Chip packets help make safer water in Papua New Guinea

September 11, 2014 by Robyn Mills, University of Adelaide

University of Adelaide mechanical engineering students and staff have designed a low-cost and easily made drinking water treatment system suitable for remote communities in Papua New Guinea (PNG) – using foil chip packets and some glass tubing.

The system makes use of UVA radiation direct from the sun to kill pathogens in the water in a continuous feed facility that can be made from improvised materials that are readily available in PNG.

"Worldwide, 780 million people still don't have access to safe and for drinking, cooking or washing," says Dr Cristian Birzer, Lecturer in the School of Mechanical Engineering, who supervised the students with Dr Peter Kalt.

"Consumption of exposes people to a range of contaminants including faecal-borne pathogens. It's estimated that 1.5 million people – and 90% of them children – die every year from consuming untreated or ."

The team worked with ChildFund Australia to learn about local conditions in the Papua New Guinea highlands. Many villages there use large communal rainwater tanks to collect water in the wet season, supplemented with river water in the dry season. Both sources are prone to pathogens in the water.

"Our priority was to develop a system with, and not just for, the end-users," says Dr Birzer. "We wanted something where we could provide design guidelines and let the local communities build and install their own systems using readily available materials that could be easily maintained and replaced."

The students – Michael Watchman, Harrison Evans, Mark Padovan and Anthony Liew – first designed and tested a workshop-quality manufactured system using high-quality materials. They then designed, built and tested a hand-made rudimentary system using some plywood, glass tube and high-density polyethylene plastic sheeting coated with metalised plastic (chip packet wrappers) and specially shaped to reflect the maximum amount of sunlight onto the water in the glass tube.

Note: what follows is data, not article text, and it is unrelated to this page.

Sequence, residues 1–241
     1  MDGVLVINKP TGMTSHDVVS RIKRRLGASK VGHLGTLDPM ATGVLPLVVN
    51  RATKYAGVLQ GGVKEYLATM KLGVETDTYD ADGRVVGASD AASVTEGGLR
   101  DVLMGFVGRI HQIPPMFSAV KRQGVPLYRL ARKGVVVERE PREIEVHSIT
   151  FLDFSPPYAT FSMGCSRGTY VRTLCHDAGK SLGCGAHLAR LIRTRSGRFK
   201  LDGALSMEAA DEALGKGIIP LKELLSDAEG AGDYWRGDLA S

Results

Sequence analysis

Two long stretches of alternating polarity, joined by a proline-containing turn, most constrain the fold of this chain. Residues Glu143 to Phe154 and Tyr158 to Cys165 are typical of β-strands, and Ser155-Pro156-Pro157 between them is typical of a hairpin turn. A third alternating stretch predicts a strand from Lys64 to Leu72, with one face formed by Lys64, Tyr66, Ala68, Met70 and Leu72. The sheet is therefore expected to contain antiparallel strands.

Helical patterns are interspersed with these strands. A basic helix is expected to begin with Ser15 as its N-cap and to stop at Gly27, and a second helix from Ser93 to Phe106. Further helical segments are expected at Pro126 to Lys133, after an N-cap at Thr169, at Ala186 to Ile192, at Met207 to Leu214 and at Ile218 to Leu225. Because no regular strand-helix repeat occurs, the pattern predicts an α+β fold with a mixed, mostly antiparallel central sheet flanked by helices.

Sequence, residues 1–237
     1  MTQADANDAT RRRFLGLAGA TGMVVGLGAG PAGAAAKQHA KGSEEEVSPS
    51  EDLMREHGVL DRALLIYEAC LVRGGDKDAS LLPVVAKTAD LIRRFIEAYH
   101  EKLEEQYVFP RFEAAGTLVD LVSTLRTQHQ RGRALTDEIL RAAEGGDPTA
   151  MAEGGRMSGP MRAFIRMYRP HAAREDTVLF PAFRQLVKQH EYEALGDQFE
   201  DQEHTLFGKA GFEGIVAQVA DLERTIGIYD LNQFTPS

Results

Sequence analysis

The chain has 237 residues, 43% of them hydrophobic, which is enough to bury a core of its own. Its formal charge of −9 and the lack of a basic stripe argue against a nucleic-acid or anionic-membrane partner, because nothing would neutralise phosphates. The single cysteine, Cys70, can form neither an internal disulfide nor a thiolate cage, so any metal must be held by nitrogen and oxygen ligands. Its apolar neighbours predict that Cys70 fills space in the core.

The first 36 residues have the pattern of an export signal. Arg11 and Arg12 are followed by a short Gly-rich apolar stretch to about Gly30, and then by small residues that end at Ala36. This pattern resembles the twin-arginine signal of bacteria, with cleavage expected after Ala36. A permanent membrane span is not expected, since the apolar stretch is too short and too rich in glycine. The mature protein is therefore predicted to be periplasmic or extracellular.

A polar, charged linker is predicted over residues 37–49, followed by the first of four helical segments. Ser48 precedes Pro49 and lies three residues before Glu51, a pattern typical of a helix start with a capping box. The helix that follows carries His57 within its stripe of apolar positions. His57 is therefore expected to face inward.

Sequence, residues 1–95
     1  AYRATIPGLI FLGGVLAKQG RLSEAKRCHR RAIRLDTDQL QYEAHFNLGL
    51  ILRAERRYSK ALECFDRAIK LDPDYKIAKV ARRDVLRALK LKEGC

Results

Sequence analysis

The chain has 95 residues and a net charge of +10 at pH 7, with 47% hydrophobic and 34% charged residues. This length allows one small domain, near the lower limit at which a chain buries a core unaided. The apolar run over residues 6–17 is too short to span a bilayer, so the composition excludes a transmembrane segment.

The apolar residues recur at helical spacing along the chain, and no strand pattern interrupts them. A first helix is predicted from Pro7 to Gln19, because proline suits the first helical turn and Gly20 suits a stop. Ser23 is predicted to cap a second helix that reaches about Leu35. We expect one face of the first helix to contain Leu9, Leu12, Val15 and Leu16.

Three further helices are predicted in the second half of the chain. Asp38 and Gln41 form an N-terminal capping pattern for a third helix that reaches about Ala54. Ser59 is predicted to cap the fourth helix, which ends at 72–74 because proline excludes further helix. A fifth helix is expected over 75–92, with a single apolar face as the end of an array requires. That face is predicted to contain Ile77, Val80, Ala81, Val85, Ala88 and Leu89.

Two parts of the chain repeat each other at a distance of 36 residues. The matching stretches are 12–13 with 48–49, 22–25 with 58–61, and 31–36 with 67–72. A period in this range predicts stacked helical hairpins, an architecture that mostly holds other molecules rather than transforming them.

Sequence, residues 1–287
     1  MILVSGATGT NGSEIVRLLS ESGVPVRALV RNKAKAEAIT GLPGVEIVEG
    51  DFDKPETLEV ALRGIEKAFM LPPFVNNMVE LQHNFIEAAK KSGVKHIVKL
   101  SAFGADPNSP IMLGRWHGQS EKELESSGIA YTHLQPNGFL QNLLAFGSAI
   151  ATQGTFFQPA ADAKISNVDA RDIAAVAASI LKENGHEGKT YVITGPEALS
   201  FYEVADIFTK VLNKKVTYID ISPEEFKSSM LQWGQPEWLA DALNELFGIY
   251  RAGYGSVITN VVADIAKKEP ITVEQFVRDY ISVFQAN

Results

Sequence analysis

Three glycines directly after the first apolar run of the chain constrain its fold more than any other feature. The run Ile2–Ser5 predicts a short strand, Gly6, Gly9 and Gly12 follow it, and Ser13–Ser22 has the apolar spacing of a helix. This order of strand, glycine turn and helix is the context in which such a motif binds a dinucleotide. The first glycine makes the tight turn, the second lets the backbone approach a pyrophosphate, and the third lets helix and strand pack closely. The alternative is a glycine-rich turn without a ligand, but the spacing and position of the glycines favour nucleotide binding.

"The students trialled various reflectants and found the inside of crisp packets was as good as anything," Dr Birzer says. "The total system cost $67." The designs have been presented to ChildFund in PNG.

The UVA from the sun produces "reactive oxygen species" in water which damages the DNA of pathogens and deactivates them. Testing for E. coli, in collaboration with Dr Connor Thomas in the School of Molecular and Biomedical Science,showed the system could reduce high concentrations of the pathogen to undetectable levels in the water in under 30 minutes.

"The system can successfully treat close to 40 litres in four hours and the beauty is that it's designed to be modular, so more modules can be added for greater quantities of ," says Dr Birzer.

Explore further: Student's six-foot water and solar-powered lens purifies polluted water

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